One of the most important considerations in investing client money for a financial advisor is trying to assess the client’s risk tolerance. Risk can be defined in many analytical ways, but if you were to ask your clients their response would likely entail something along the lines of the risk of losing money.

As we learned during the market collapse of 2008-2009, many investors had over-estimated their ability to stomach downside risk and sadly many sold out of their equity holdings at or near the market’s bottom, suffering massive realized losses.

It's the job of the financial advisor to design an investment strategy for clients that balance their need for growth and takes into account their true appetite for risk. Here are a few thoughts on how to help clients assess their risk tolerance.

Key Takeaways

  • As a responsible financial advisor, you should always be putting your clients in suitable investments that correspond with both their willingness and ability to take on risk.
  • Subjective measures of risk include a client's personality, how they react to real or potential losses, and what their goals and priorities are.
  • Objective measures of risk are things like time horizon, age, the need for income, and family situation.

How Does the Client Define Risk?

Having pointed conversations and using a risk-profiling questionnaire can help a financial advisor asses clients' risk tolerance. It's particularly useful to get the client to talk about their feelings about risk and particularly about losing money. Often clients who are closer to or in retirement will feel more risk-averse, especially if their retirement resources are limited. For some people, risk is defined simply as market losses. For others, it may involve loss of a job, loss of income, or loss of insurance coverage. Yet others will frame risk in terms of opportunity costs - that is, the risk of missing out on a good investment.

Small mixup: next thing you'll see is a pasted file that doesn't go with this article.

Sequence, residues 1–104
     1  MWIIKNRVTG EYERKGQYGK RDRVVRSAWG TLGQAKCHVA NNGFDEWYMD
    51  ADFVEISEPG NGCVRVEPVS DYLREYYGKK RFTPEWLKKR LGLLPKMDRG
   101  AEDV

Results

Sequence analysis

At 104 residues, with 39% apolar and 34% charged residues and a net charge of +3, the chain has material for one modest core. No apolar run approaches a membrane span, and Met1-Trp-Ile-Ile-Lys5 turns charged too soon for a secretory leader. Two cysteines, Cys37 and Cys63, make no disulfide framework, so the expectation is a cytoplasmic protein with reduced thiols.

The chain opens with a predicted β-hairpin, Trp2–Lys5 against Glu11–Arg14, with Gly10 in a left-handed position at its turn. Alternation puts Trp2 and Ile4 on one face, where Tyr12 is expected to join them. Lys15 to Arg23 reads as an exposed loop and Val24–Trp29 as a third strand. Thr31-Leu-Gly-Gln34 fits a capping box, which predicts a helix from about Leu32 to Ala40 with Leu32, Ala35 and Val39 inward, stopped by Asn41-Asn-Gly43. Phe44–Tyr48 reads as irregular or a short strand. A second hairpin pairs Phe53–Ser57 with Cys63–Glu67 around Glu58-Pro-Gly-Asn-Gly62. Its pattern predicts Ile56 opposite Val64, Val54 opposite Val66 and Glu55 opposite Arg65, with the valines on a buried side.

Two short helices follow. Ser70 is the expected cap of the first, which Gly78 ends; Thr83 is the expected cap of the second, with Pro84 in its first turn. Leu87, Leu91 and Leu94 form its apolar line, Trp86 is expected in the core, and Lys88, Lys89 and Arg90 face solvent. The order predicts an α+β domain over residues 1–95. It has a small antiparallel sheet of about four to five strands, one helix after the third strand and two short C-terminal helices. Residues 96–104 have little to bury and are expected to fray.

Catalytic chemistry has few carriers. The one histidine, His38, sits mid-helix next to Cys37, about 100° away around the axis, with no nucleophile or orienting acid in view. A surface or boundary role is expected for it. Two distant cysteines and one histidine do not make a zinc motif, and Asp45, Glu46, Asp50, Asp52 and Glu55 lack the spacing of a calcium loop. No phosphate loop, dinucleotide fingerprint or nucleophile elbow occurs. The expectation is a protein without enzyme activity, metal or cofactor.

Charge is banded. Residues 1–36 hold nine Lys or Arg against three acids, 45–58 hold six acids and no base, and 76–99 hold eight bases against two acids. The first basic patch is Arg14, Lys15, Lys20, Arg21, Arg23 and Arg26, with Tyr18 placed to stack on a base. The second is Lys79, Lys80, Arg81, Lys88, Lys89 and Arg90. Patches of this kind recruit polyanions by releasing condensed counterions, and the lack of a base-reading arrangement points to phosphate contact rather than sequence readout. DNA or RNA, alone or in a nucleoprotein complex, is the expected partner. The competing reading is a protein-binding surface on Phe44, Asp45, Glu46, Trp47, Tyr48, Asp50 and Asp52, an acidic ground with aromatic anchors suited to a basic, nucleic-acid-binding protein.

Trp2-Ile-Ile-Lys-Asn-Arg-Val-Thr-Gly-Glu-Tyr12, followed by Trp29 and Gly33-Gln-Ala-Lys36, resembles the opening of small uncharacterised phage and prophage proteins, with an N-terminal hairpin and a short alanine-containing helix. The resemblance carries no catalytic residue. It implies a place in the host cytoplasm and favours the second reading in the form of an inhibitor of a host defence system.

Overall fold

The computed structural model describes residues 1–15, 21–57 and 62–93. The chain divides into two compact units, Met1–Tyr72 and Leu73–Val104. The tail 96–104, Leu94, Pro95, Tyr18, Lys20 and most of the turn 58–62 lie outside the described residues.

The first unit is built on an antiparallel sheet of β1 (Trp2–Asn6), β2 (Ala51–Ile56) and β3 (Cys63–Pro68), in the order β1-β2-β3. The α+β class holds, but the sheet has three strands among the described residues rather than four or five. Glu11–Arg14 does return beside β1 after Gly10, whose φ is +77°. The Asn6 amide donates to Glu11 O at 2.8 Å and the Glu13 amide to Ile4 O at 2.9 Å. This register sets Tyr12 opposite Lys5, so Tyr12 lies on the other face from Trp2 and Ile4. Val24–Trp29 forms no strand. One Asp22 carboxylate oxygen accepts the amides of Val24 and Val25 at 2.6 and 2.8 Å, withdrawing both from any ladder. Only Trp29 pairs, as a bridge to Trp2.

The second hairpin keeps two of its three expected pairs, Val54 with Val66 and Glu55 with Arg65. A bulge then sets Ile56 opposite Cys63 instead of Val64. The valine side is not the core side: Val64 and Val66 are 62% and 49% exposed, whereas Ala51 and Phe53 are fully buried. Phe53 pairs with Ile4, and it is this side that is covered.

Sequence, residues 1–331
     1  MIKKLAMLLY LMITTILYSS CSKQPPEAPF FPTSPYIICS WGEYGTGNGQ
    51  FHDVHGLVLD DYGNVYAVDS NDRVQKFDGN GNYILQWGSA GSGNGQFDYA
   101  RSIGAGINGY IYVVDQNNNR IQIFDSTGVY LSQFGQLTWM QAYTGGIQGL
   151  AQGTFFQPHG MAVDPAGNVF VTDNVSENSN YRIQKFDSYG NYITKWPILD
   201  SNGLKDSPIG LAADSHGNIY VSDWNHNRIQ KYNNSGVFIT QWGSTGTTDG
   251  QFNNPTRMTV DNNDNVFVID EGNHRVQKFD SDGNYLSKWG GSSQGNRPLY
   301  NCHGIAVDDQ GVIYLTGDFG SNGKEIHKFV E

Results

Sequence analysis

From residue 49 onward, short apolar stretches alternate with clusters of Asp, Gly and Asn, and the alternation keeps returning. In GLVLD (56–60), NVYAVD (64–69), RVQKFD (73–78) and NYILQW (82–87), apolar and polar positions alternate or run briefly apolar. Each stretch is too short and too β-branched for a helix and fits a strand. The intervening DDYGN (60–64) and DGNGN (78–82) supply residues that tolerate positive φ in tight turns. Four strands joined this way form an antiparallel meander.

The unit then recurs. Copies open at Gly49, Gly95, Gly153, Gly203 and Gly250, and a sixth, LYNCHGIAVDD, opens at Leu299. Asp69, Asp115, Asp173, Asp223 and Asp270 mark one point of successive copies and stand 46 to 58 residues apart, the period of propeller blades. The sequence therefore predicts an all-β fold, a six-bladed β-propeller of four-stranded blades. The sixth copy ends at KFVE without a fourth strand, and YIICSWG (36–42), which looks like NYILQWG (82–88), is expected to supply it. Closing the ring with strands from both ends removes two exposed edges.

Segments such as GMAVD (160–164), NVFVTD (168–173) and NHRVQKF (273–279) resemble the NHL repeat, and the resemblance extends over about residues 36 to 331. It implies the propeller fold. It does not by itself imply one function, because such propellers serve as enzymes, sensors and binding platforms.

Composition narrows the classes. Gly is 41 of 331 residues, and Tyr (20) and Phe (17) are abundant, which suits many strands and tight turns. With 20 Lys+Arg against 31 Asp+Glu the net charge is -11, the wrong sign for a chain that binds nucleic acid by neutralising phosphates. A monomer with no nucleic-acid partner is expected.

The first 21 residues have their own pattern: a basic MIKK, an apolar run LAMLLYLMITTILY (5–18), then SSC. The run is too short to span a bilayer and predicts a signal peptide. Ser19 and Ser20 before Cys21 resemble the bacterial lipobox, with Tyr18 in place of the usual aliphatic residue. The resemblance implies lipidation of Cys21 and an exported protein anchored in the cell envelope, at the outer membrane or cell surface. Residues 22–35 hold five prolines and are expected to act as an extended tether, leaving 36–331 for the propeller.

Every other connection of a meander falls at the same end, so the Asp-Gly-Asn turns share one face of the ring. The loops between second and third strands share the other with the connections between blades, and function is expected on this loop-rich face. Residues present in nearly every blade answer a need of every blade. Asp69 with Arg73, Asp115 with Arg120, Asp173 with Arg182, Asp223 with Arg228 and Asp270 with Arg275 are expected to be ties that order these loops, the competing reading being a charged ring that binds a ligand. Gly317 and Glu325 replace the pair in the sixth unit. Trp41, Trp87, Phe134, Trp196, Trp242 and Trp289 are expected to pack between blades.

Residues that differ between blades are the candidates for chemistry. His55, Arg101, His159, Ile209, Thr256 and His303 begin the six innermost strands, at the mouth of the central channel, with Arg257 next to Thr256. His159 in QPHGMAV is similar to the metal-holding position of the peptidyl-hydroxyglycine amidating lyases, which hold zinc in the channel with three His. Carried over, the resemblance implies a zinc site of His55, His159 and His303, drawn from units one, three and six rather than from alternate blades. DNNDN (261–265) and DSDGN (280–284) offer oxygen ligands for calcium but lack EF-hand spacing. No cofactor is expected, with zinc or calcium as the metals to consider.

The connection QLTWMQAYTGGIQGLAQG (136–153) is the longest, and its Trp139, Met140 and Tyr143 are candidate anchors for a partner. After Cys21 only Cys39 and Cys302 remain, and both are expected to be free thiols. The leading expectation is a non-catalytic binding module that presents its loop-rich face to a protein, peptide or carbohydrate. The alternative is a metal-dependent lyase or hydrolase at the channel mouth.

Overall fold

Time Horizon and Financial Goals

In general, the longer a client can wait before needing their invested assets, the more risky their portfolios should be. This is because higher risk securities are compensated with a higher expected return, on average - and over longer time horizons, rough periods are often smoothed out. Also, clients can keep adding to their portfolios as markets dip (dollar-cost averaging), which means when the market begins rising again they've accumulated shares at better prices.

Typically, a time horizon of 10 years or longer until the client needs to tap into their money would indicate that they could take a bit more risk as they would have time to recover from the inevitable market corrections that occur. Less than 10 years would indicate that the portfolio allocation should dial back a bit on risk as there is less time for the client to recover from a volatile market. As a result, older clients who may be retiring soon should often be weighted more to generally less risky bonds, while younger workers can have much more allocated to stocks.

Factoring in Possible Emergencies

It's important to determine if the client has sufficient liquidity so they won’t have to dip into their investments to cover living expenses and other normal ongoing expenses during the time horizon in which the money is to be invested. If it's likely they will need to dip into the funds to be invested for the long-term, it would be wise to encourage them to invest less and leave some of the money on the side in less risky vehicles.

Usually, advisors recommend around 5% of portfolio assets allocated to cash or money market funds. This way, when an emergency does strike, that can easily be drawn upon. However, cash earns only the risk-free return and therefore too much can be a bad thing, causing cash-drag that can lower overall returns over time.

Investment Preferences